Neuroleptic Malignant Syndrome
Showing 1–12 of 23 results
Partially Treated Catatonia and Incipient Neuroleptic Malignant Syndrome: A Challenging Presentation
Neuroleptic malignant syndrome (NMS) is a life-threatening condition associated with use of psychotropic medications. This report presents a case of incipient NMS in a patient who developed catatonia during treatment with lorazepam and paliperidone.
Neuroleptic malignant syndrome (NMS) is often associated with use of typical antipsychotics, but antiepileptics have also been implicated. This report describes the case of an elderly man with schizophrenia who experienced NMS with valproate.
A patient develops catatonia after resolution of neuroleptic malignant syndrome. Is ECT a possible treatment option?
Psoas Abscess as a Differential Diagnosis of Neuroleptic Malignant Syndrome in a Schizoaffective Disorder Patient With Catatonic Symptoms
Diagnosis of NMS is complicated by coexisting pathologies that have a similar clinical picture. This report describes a woman with schizoaffective disorder who presented with a psychotic episode and developed an infection. NMS was initially hypothesized as a diagnosis, but, ultimately, psoas abscess appeared to be responsible for her clinical worsening.
Neuroleptic malignant syndrome is a rare but potentially serious reaction to antipsychotic medications. Early recognition and a low index of suspicion are required as the presentation shares symptoms with other disorders, which is further compounded by a lack of definitive diagnostic criteria. Here, read the case of Mr A, whose health began to deteriorate after treatment for first-episode psychosis.
Neuroleptic malignant syndrome is a rare but potentially lethal consequence of the use of antipsychotic medications that requires familiarity with the condition to rapidly recognize its onset and appropriately intervene. This review provides an overview of neuroleptic malignant syndrome for the general practitioner with the most up-to-date information on etiology, workup, and management.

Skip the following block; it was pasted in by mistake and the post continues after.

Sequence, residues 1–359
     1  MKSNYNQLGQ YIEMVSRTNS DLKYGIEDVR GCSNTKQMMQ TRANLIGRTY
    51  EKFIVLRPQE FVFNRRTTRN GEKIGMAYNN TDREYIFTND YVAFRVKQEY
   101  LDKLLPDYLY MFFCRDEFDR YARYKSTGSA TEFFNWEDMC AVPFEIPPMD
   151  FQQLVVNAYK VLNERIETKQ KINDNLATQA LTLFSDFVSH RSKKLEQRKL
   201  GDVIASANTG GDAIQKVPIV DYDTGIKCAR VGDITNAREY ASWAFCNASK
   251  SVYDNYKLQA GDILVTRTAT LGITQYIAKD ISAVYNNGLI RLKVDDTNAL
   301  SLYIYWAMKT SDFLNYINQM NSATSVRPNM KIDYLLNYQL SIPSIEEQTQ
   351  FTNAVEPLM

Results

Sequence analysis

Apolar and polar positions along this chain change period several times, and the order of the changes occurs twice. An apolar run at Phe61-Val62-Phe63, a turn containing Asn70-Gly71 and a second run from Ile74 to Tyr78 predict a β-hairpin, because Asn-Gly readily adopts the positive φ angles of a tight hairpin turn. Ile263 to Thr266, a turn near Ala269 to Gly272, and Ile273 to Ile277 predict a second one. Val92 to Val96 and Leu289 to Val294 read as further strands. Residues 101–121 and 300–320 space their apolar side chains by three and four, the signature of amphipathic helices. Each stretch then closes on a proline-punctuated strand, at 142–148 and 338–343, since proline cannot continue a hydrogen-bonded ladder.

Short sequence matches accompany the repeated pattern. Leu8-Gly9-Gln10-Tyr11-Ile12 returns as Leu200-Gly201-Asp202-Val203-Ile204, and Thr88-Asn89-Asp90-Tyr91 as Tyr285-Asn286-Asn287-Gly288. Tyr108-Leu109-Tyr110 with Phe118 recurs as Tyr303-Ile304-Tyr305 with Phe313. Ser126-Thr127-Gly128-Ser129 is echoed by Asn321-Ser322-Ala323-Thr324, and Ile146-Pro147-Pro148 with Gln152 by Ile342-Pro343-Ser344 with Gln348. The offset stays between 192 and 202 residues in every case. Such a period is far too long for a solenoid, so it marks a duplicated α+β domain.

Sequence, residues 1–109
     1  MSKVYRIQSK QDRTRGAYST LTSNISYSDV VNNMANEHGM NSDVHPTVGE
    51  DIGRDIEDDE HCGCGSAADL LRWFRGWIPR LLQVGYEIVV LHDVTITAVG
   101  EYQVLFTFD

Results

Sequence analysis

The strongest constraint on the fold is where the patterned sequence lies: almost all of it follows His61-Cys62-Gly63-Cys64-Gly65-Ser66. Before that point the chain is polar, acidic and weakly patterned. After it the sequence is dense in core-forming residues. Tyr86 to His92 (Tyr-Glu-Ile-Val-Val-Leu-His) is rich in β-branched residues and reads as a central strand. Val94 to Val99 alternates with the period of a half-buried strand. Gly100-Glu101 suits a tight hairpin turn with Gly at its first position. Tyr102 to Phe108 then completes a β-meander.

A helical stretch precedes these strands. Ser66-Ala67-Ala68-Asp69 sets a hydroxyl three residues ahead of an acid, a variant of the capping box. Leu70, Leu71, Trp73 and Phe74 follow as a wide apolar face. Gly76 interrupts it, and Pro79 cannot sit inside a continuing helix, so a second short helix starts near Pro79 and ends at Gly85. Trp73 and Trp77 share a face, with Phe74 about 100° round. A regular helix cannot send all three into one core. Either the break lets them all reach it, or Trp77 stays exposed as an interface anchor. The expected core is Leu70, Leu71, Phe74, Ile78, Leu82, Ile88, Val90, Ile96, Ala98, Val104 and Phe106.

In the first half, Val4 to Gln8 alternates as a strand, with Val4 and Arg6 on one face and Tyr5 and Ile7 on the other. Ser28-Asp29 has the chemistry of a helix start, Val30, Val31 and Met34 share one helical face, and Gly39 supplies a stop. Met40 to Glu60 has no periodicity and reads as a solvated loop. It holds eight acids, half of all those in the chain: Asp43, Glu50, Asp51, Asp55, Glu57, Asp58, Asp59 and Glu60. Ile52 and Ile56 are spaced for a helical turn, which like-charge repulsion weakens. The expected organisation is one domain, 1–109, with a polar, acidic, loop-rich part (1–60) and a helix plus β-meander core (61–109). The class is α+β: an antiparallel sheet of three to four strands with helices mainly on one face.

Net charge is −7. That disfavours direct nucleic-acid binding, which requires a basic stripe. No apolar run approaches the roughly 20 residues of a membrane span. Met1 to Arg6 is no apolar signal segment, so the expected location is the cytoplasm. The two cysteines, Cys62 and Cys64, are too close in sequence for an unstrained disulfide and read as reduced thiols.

Managing Manic Delirium in Bipolar Disorder With Features of Mania, Catatonia, and Neuroleptic Malignant Syndrome
Bipolar disorder is a chronic illness characterized by episodes of mania and depression with or without psychotic features. Severe mood episodes and their treatment can result in significant morbidity including manic delirium, catatonia, and neuroleptic malignant syndrome. Read this case of a patient who exhibited this continuum of symptomatology.
Neuroleptic malignant syndrome is a severe idiosyncratic and potentially life-threatening adverse effect of antipsychotic therapy characterized by fever, rigidity, altered mental status, creatine kinase elevation, and autonomic instability. Here, read about the case of a patient who developed neuroleptic malignant syndrome after treatment with multiple antipsychotics, including an early administration of risperidone long-acting injection.